There were no toddlers being dropped off in front of the playground, no welcoming chatter from teachers or staff at the front doors of Palm Coast Community School, just dark windows. School was out, so it was no surprise that the parking lot was empty on Monday, April 18, but these dark windows and this distant hum of traffic on Palm Coast Parkway will be all that’s left of the private school and the accompanying church unless it can come up with more than $5 million by October, to pay off the building.
What chance does Palm Coast Community Church have of surviving? And what does a community lose when a church and school dissolve?
After arranging to meet with Lead Pastor Mike Adler to try to answer those questions, I went to the wrong entrance of the building. But he met me at the door with a smile on his face, a short man with glasses and buzzed hair, shorts and a black polo.
I followed him on our unplanned tour of the 48,000-square-foot labyrinthine building, through cubicles and corridors, with classroom signs on the walls, flowers made of balloons hanging from the ceilings. It’s a converted manufacturing facility, he told me later.
In a modest conference room, with two shelves that stored not only books but also cleaning supplies, Adler introduced me to Director of Family Connections Mary Benvenuto, who wore a black T-shirt with the word “faith” turned into a cross.
Palm Coast Community Church, or pc3, was one of the area’s first churches. Billy Wight was one of the founders, in 1995, and no one called him “pastor,” just “Billy.” Benvenuto attended the second service that year and eventually became a staff member in 1999.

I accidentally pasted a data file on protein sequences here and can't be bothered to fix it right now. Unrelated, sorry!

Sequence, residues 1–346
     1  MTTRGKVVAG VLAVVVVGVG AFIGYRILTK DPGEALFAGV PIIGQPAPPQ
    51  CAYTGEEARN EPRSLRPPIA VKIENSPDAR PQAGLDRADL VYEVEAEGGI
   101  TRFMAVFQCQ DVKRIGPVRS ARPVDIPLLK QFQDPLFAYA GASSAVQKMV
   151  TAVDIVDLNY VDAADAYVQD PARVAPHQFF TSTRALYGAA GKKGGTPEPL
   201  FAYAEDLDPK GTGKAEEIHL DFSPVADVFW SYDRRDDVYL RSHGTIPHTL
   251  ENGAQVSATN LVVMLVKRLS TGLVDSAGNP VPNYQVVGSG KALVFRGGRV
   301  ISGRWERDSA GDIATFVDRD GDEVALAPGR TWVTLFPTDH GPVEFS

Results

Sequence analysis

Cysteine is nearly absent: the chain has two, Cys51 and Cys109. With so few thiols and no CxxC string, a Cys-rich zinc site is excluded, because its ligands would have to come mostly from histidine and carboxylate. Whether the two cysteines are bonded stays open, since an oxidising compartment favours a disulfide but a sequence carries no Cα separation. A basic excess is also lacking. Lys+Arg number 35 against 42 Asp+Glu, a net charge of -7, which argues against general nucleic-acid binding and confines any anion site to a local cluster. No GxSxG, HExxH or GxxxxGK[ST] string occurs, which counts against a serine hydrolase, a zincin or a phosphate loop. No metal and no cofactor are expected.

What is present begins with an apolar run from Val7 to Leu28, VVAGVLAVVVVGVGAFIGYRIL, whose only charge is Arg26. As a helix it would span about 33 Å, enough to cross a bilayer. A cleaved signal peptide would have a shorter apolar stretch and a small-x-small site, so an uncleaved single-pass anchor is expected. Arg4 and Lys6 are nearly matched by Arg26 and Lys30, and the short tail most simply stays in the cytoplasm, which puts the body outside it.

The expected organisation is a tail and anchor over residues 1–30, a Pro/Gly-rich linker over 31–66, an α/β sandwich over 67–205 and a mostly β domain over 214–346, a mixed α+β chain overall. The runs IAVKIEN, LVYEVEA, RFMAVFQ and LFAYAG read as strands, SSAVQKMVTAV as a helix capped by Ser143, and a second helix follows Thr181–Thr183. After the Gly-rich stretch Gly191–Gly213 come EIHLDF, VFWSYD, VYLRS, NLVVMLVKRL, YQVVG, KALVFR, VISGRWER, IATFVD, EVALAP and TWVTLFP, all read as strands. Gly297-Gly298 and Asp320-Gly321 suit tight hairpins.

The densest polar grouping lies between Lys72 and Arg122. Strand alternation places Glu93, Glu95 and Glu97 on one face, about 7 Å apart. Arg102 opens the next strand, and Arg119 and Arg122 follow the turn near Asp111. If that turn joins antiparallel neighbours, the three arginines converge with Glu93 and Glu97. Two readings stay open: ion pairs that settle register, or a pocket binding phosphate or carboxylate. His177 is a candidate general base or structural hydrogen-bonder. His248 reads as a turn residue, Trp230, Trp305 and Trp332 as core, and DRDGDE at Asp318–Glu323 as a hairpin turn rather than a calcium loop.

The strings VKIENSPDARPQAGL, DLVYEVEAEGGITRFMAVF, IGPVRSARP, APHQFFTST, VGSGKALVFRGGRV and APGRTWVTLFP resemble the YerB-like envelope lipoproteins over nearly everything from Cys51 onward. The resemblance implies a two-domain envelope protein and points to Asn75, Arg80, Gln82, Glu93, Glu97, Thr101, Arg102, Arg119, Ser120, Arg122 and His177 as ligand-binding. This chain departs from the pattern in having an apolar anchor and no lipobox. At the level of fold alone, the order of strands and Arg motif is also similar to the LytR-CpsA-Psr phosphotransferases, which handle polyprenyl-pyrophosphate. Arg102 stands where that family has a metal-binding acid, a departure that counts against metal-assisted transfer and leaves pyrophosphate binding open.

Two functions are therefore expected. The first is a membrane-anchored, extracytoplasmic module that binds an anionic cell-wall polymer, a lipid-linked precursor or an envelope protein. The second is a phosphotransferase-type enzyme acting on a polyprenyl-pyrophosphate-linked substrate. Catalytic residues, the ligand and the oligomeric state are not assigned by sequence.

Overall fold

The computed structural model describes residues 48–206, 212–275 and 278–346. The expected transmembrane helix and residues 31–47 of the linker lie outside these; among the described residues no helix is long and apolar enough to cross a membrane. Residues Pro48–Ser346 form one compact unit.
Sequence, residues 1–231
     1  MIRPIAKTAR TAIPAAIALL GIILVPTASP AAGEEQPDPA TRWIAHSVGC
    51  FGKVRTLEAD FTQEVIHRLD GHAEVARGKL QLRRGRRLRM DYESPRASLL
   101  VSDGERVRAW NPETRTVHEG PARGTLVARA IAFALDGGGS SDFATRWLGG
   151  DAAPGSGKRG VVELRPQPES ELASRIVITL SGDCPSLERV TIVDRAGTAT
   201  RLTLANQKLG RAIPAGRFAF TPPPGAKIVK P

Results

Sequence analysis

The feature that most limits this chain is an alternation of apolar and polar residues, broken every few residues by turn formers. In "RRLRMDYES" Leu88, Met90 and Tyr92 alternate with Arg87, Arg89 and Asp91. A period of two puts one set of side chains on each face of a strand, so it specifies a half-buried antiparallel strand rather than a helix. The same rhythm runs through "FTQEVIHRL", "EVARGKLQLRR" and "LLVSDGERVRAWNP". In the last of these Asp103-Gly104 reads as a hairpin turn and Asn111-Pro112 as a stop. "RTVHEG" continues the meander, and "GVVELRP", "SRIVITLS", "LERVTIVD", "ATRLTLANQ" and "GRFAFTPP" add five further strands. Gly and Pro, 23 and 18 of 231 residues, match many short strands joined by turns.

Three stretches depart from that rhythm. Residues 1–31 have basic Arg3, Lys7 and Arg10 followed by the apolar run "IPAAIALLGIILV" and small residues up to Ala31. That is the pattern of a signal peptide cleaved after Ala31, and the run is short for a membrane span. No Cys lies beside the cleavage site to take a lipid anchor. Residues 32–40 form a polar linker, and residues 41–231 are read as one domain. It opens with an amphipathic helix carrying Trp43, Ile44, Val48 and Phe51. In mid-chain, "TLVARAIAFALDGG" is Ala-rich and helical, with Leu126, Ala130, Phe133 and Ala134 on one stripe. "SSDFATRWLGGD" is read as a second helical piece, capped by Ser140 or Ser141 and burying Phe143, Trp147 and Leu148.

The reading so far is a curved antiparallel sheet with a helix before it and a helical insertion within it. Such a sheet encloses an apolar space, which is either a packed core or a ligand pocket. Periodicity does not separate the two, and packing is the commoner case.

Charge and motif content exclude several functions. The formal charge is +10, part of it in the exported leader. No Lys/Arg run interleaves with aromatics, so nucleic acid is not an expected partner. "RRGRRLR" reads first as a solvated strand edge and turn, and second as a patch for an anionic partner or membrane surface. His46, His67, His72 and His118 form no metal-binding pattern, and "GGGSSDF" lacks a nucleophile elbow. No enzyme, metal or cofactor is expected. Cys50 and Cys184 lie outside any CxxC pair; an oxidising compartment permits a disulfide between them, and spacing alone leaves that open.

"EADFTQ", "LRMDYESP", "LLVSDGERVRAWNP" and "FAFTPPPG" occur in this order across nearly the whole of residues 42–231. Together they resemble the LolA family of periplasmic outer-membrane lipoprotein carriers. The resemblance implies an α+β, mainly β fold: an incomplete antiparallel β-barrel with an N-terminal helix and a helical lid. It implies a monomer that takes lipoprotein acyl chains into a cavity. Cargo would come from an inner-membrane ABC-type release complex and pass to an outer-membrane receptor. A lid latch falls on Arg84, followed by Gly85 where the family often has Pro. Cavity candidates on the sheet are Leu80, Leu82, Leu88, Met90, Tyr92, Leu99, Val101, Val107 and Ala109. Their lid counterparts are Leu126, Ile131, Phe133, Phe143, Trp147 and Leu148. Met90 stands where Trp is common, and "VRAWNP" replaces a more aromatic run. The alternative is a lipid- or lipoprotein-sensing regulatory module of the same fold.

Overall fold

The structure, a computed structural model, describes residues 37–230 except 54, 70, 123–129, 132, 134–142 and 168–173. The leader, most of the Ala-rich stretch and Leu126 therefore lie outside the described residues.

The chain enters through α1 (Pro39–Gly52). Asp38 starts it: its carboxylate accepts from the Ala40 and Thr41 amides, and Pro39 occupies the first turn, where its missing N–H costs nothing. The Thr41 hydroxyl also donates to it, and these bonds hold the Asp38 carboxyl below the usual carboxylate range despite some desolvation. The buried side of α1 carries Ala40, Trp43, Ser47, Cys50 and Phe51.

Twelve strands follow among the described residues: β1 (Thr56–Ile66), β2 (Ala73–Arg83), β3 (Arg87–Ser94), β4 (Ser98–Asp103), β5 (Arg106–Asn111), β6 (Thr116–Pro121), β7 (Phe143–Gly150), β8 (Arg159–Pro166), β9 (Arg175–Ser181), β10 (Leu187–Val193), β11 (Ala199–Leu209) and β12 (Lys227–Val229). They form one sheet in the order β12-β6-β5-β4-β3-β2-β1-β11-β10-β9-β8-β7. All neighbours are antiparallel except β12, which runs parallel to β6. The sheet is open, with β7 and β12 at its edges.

Thanks to permissions worked out by Wight, the church met in Wadsworth Elementary School and then Indian Trails Middle School, always finding ways to welcome people who didn’t normally go to church. Today, the church’s website says, “We don’t care how you’re dressed, how many tattoos you have, or what candidate you voted for. We’re a church full of broken, imperfect people with every kind of story imaginable, and we’re saving a seat for you.”
In 2005, with attendance as strong as 1,000 on Sundays, pc3 bought a building — the manufacturing warehouse they’re in now — at Palm Coast Parkway and Pine Lakes Parkway. It then secured a loan on better terms from the Florida Baptist Foundation for an amount that is unusually high for the foundation: $5.1 million. Today, the foundation has loans out to 266 churches, and pc3’s loan is among highest 10 amounts. According to Craig Culbreth, who has worked for Florida Baptist Convention for 24 years, only about 1% of the loans typically default, as it appears this one will.
Many things have sidetracked the payments to the foundation.
First, the recession hit the community hard in the next several years. Trent Schake was on staff at that time, and he remembers members moving out of the area, losing jobs.